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Commentary

We Can Be Certain About One Thing: Uncertainty

During times of market volatility, investing behavior can be affected by stress and anxiety.

Editor's note: Read the latest on how the coronavirus is rattling the markets and what investors can do to navigate it.

Psychological research has shown that the less extreme we expect an outcome to be, the bigger our emotional reaction to it. So, it's natural that the market volatility caused by the unexpected coronavirus pandemic is leading to strong emotional reactions, as investors ask themselves difficult questions about what's best for their portfolios.

Unfortunately, there's no certain answer. And this uncertainty leaves us uneasy--research shows that dealing with uncertainty might be one of the things we dislike the most.

In fact, there's a strong correlation between uncertainty and negative emotions such as stress and anxiety, which have the potential to bias our decisions. Uncertainty also causes us to become hypervigilant to our surroundings, which increases our stress levels and makes us especially defensive.

To better understand uncertainty and its effects, let's consider how its three ingredients play into the market.

  • Probability, or risk: We often base our decisions to buy or sell on the probabilities we construct on anticipated performance.
  • Ambiguity: When it comes to investing, the right answer isn't always crystal clear--we can use the same information to reach multiple conclusions, such as when we see several experts give different pieces of advice on the same stock.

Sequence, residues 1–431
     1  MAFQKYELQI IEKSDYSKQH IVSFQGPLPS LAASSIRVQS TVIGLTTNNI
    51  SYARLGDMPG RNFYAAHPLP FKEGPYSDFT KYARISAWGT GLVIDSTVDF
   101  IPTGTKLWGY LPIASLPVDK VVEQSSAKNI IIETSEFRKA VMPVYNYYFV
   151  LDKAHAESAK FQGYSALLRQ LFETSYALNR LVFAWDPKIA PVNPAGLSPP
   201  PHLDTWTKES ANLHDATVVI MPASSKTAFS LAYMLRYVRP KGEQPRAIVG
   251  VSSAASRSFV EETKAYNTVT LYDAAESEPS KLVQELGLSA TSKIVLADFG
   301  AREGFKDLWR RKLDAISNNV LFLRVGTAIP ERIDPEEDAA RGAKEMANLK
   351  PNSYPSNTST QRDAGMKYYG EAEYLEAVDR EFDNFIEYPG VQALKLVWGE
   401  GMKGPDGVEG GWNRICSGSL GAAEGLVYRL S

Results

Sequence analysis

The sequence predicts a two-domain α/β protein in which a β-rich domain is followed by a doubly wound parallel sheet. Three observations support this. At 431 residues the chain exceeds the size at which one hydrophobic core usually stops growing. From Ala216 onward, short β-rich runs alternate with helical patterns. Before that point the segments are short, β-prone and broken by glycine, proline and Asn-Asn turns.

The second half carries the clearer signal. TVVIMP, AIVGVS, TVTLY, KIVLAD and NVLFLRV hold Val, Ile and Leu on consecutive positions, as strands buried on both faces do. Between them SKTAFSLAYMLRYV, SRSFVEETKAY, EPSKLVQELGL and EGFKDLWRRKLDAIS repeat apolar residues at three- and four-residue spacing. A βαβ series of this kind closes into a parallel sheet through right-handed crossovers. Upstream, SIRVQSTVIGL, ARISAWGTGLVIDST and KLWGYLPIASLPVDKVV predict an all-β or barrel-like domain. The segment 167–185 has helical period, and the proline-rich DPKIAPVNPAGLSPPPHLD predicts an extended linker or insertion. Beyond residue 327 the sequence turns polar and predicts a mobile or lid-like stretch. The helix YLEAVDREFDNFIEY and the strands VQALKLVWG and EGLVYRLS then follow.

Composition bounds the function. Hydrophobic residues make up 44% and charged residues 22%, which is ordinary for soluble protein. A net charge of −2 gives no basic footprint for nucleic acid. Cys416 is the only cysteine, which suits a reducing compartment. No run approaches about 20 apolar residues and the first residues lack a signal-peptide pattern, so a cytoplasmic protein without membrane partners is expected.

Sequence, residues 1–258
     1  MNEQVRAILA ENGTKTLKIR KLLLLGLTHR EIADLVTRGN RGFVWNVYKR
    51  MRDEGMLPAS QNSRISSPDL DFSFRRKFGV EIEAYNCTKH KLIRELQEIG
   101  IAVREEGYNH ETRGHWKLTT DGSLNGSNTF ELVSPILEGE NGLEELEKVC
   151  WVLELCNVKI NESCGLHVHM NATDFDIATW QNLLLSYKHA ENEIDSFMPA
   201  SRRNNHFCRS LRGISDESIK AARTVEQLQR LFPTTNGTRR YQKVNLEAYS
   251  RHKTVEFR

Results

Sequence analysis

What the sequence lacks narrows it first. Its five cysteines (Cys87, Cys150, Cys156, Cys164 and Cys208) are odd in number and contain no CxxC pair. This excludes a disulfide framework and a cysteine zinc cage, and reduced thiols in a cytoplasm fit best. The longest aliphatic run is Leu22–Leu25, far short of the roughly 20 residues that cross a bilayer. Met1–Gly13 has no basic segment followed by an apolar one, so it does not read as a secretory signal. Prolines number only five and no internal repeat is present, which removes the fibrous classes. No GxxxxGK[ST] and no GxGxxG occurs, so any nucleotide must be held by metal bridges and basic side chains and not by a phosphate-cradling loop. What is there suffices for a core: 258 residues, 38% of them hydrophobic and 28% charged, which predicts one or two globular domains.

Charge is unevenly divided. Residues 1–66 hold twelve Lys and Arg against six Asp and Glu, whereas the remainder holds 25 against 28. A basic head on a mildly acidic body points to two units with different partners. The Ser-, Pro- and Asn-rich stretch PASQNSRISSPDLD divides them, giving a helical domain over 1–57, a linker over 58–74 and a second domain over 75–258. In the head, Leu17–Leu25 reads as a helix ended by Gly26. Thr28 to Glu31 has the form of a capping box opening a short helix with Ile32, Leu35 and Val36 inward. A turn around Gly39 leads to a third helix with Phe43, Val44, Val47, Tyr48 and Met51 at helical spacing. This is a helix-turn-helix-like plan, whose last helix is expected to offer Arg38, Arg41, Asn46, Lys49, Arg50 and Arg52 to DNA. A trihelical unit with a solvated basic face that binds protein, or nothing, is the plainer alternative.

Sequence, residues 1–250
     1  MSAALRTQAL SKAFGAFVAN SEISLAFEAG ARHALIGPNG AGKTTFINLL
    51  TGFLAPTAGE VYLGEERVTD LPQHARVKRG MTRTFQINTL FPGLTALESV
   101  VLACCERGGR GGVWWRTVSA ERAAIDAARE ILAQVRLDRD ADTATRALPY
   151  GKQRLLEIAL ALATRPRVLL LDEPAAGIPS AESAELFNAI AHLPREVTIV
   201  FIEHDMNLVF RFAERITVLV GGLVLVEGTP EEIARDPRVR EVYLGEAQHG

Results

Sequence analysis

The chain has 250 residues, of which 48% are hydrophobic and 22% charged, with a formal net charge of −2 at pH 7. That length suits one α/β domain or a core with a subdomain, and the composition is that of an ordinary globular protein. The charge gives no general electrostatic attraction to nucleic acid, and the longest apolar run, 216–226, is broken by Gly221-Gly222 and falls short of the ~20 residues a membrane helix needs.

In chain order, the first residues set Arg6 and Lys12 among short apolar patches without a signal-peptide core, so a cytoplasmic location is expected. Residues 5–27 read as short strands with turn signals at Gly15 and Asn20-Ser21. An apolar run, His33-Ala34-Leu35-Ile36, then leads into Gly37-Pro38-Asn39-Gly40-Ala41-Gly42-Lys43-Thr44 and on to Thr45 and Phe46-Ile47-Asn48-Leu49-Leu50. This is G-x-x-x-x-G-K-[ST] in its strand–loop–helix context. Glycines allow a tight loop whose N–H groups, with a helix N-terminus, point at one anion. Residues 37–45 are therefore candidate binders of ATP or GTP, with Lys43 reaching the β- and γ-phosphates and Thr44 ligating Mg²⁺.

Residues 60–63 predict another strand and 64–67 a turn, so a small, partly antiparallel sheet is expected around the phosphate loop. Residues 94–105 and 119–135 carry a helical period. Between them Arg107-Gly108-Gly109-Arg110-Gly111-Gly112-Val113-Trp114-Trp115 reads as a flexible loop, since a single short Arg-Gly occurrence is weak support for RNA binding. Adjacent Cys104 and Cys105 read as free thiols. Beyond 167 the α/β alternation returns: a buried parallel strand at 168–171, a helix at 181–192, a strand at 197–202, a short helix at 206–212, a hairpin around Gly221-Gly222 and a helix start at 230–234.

• Complexity: There is a great amount of information than we can use to inform our investment decisions.

Here's how uncertainty and its ingredients surface in investing decision-making.

How Can Uncertainty Impact Investing?
Uncertainty warps our investing behavior in four main ways.

  • Hesitancy. When we're dealing with uncertainty, we can withdraw ourselves from the market altogether because we are more hesitant to take risks. Of course, it’s OK to be vigilant around extreme risk, but being overly cautious can lead to financial losses.
  • Procrastination. Our increased risk aversion can also cause us to procrastinate making any investment decisions at all, partially to avoid making a decision we'll later regret. The irony is that procrastination itself can actually increase regret about our financial decisions or malnourish our retirement fund.
  • Giving in to temptation. Because we are tempted to give in to our "wants" instead of our "needs" when we're dealing with uncertainty, it's especially difficult to do what we should. However, doing so can backfire when investing. Consider the "disposition effect," which is the tendency to sell good stocks too early and sell bad stocks too late. Indeed, when our stocks rise in value, we may want to sell them to get that quick monetary gain, even though we should hold on to them for longer.